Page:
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This is the No of Island code challenge. Please review my implementation in Haskell. I know there must be some better way of doing this.

Given an m x n 2D binary grid grid which represents a map of '1's (land) and '0's (water), return the number of islands.

An island is surrounded by water and is formed by connecting adjacent lands horizontally or vertically. You may assume all four edges of the grid are all surrounded by water.

Input:

1  1  1  1  0
1  1  0  1  0
1  1  0  0  0
0  0  0  0  0

Output:

1

Solution:

-- leetcode number of island
import qualified Data.Vector as V
import Data.Maybe
{--
1  1  1  1  0
1  1  0  1  0
1  1  0  0  0
0  0  0  0  0
--}
data Visited = N | O deriving (Eq, Show)
data Cell = Cell Int Int Visited deriving (Show)
-- Function to compare the cells
instance Eq Cell where
    (==) (Cell r0 c0 _) (Cell r1 c1 _) = r0 == r1 && c0 == c1

-- main function takes the Vector Vector Int
islands :: V.Vector (V.Vector Int) -> [Cell]
islands v = islandhelper1 (0,0) []
    where
        -- fetch the row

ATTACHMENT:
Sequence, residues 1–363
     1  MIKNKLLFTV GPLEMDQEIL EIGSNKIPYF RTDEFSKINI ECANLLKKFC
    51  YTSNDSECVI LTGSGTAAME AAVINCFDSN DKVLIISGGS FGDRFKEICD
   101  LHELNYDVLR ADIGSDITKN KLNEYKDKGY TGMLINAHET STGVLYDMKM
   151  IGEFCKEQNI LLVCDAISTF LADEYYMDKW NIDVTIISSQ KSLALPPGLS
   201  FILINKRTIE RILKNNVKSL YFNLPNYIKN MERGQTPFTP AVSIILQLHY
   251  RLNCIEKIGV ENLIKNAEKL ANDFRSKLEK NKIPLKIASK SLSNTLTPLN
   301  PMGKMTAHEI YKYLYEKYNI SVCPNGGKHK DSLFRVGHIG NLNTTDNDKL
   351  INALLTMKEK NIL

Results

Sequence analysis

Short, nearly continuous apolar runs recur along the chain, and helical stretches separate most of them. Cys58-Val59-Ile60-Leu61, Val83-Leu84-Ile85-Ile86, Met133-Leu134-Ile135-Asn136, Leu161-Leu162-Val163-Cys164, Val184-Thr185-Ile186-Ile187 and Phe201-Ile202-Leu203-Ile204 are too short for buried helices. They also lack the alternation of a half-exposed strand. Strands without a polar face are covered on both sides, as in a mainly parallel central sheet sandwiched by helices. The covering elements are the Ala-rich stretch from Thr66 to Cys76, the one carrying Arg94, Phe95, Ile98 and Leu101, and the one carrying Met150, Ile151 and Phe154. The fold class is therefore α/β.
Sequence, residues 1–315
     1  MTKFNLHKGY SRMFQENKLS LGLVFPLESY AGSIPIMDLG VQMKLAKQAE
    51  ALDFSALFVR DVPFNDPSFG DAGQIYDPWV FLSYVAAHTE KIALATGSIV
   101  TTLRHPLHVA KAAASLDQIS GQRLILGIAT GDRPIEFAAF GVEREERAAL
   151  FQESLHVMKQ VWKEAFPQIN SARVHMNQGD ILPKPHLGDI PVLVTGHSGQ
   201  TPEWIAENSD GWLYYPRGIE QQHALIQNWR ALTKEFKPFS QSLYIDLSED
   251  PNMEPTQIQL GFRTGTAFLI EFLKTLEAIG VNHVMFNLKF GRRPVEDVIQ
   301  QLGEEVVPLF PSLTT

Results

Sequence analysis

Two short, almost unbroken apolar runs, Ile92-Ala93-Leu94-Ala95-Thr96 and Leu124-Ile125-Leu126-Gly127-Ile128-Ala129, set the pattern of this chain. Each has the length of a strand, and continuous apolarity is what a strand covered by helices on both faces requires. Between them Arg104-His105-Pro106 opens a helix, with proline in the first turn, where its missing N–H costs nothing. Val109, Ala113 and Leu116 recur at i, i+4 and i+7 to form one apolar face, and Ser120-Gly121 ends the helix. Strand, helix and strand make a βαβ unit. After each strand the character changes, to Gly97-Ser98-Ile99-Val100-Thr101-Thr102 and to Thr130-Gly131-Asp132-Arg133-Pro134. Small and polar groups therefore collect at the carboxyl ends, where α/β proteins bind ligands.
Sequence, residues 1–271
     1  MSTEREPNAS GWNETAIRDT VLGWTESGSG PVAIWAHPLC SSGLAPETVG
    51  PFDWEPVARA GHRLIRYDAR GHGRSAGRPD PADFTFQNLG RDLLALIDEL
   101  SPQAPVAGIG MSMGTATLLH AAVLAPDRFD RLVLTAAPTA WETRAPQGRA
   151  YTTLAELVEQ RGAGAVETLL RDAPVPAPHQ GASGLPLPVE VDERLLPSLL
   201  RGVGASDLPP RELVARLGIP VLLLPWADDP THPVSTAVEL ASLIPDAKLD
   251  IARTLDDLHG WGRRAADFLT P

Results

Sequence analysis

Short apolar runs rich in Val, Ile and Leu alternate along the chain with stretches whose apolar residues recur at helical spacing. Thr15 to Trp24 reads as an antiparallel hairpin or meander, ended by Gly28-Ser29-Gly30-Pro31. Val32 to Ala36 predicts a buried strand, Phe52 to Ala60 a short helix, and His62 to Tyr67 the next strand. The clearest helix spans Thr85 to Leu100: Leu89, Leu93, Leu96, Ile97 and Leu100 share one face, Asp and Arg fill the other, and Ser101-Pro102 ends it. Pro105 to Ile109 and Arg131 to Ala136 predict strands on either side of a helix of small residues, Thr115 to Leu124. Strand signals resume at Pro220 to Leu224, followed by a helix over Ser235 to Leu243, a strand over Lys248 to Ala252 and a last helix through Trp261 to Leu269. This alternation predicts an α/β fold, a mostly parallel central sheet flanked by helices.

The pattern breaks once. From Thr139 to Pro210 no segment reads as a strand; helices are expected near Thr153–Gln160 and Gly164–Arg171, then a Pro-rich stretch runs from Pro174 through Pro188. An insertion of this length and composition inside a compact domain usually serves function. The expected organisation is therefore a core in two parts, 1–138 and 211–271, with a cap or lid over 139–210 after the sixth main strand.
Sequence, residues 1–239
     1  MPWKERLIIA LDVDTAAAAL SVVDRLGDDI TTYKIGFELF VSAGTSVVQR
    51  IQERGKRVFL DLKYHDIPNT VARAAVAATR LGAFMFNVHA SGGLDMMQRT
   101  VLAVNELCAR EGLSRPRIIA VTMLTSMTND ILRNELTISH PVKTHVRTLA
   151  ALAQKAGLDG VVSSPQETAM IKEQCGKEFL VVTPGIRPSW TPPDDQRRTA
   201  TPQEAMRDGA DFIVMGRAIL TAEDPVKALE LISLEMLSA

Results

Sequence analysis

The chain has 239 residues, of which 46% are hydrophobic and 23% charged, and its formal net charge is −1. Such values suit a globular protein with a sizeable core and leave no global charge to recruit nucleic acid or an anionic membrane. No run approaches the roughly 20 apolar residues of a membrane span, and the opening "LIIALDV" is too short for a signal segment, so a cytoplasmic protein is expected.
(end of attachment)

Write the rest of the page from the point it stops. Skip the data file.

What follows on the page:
islandhelper1 :: (Int, Int) ->  [Cell] -> [Cell]
        islandhelper1 b@(r, c) cell = case v V.!? r of
            Just x -> islandhelper2 x b  cell
            _ -> cell
        -- fetch the cell and then call neighbors on it
        islandhelper2 :: V.Vector Int -> (Int, Int) ->  [Cell] -> [Cell]
        islandhelper2 rw (r, c)  cells = case rw V.!? c of
            Just 1 -> islandhelper2 rw (r, c + 1)  (getNeighbors v (r,c) cells)
            Just 0 -> islandhelper2 rw (r, c+ 1)  cells
            _ -> islandhelper1 (r + 1, 0)  cells

-- fetch the neighbors
-- add initial cell and neighboring cells
getNeighbors:: V.Vector (V.Vector Int) -> (Int, Int) -> [Cell] -> [Cell]
getNeighbors v (r, c) clls =   initcl ++ getnbs4
    where
        getnbs4:: [Cell]
        getnbs4 = catMaybes $ map clfilter [(0,1),(1, 0),(0, -1),(-1, 0)]
        clfilter:: (Int, Int) -> Maybe Cell
        clfilter (r', c') = let m = r' + r
                                n = c' + c
            in case getCellValue v (m, n) of
                Just (1, cl@(Cell m' n' _)) -> if cl `elem` clls then Nothing else Just (Cell m' n' O)
                _ -> Nothing
        initcl :: [Cell]
        initcl = case getCellValue v (r,c) of
            Just (1, cl@(Cell m' n' _)) -> if cl `elem` clls then clls else ((Cell m' n' N) : clls)
            _ -> clls

-- get the cell value
getCellValue::V.Vector (V.Vector Int) -> (Int, Int) -> Maybe (Int, Cell)